Revealing its desire to compete with People and Parade magazines, Nature's April 21 cover was about the problem of an over-supply of PhD's. (Yes, we're a bit late getting to this, but we were away the week this appeared.) This may have at least something to do with science, though seems hardly at the level of the discovery of the infamous Higgs boson or a new Hominid fossil, or life on Mars, that a real science journal should be publishing.
This kind of gossip story sells lots of copy and was without doubt much more widely read than their science stories in the same issue. It's only natural, as we're sure the editors knew, that we care about our profession more than about somebody else's research.
The problem discussed is the glut of PhD's being churned out in many of the long-developed scientific countries like the US and Europe. The article in a sense bemoans the over-training, a shocking waste of personal skill resources, but tries also in a sense to mollify it by saying that getting a PhD provides broader skills than your own narrow research (e.g., shape variation of the middle toe-nail in a remote Australian mole, analyzing its genetic basis with whole genome sequencing in 10,000 wild-caught individuals). Yes, PhD training will go beyond such penetrating insight, and make you a much better cab driver--you can talk more cogently with the scientists you're taking to their hotel, and that way get bigger tips.
But Nature could, at least, provide a more penetrating analysis of the subject. However, that might be too critical of its readers and dangerous for its audience. That's because the reason for the glut is our gluttony. Universities used to be for teaching tuition-paying students it has been said, but those days are long gone. Universities are now for self-perpetuation via the advancement of their professors' research careers. In the status-seeking environment of the last few decades, our jobs are secured not by teaching undergraduates (except to the extent we really can't escape it), but by cranking out graduate students, whom we pay to come do our work for us.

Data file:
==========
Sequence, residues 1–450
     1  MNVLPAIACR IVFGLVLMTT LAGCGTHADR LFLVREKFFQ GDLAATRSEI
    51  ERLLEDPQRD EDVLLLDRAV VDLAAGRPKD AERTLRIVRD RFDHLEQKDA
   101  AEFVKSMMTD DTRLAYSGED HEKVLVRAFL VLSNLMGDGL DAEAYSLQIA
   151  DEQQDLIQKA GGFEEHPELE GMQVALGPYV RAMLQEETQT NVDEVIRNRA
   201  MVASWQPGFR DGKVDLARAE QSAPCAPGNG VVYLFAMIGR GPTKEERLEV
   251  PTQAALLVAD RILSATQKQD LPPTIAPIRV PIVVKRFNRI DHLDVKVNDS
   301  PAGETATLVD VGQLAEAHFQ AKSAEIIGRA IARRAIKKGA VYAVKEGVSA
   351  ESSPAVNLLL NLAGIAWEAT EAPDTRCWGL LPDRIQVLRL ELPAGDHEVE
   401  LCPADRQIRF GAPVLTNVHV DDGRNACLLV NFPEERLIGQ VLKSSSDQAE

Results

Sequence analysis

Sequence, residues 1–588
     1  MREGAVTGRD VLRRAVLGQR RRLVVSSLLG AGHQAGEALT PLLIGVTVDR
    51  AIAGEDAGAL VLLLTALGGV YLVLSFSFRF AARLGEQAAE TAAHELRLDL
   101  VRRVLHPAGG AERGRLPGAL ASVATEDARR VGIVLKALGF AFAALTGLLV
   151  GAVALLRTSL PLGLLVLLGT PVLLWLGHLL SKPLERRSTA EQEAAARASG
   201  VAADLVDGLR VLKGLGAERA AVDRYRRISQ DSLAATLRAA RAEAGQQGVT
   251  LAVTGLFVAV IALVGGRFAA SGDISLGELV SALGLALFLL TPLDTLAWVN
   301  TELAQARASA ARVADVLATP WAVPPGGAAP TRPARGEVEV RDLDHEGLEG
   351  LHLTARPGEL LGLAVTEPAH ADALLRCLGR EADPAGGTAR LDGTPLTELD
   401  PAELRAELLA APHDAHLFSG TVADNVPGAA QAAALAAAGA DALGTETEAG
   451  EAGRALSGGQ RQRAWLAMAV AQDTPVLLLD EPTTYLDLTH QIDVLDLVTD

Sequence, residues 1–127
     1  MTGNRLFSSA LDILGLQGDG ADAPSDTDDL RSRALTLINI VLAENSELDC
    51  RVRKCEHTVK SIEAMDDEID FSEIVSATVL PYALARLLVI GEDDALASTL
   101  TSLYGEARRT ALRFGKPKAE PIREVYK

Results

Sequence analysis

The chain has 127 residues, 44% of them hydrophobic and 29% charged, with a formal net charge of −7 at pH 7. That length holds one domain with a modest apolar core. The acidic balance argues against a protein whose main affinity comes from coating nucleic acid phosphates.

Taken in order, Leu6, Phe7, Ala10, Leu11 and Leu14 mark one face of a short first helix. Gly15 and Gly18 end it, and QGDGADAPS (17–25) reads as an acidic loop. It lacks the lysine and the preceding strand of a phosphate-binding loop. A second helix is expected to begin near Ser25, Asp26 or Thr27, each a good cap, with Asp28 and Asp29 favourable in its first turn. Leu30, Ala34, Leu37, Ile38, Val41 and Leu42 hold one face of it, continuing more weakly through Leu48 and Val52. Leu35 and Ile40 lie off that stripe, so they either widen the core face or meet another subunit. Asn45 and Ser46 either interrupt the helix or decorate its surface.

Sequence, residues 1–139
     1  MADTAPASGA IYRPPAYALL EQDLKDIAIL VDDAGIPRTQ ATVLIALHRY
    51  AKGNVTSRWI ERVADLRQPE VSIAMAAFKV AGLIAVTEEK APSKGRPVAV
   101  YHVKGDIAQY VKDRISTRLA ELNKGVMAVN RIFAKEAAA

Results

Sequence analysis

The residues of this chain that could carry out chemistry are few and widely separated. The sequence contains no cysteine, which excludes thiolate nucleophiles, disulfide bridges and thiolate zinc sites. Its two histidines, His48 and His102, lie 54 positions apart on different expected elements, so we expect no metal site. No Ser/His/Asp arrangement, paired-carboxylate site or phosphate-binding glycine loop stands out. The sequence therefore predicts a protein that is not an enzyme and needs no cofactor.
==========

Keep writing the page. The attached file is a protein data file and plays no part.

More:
That may sound like sound university business, since it involves students, but the reason we need graduate students is to count score relative to our peers, and to have serfs to chain to lab benches to do what is needed for us to augment our other score cards--our publication and grant portfolios. Let our PhD's fend for themselves--they're adults, after all!--because the name of the game is to advance our own careers by producing even more of them!
We're not alleging that faculty do not truly care for their graduate students (and post-docs, who comprise Yellow Cab's minor league holding company), because we absolutely do. Most of us work very hard to help them, and all the right things. But we know that exponential growth is not sustainable, and that if every lab in every department in every university is gushing doctoral graduates, there will not be jobs for them. The late 20th century growth was an anomaly. But all of this serves many self-interests, including the crazily proliferating science journal and other electronic news and entertainment media industries that consume science stories like elephants consume peanuts. They don't want it to slow down.
There's no easy answer, unless it is for professors to do their own work in their own labs, and to scale back the amount of research they do, or for us to return to the days when graduate students were mainly trained in the Snob schools. That probably wasn't very good either.
What we need to do, to be humane, is to scale back and stop evaluating our success in quantitative terms, but rather in doing less but doing it more thoughtfully and better. Yes, that would mean fewer graduate students, and less score-counting of that kind. And, if we could control our gluttony it would create a different problem for which we are not qualified to suggest a solution:
There would suddenly be a shortage of taxi-drivers.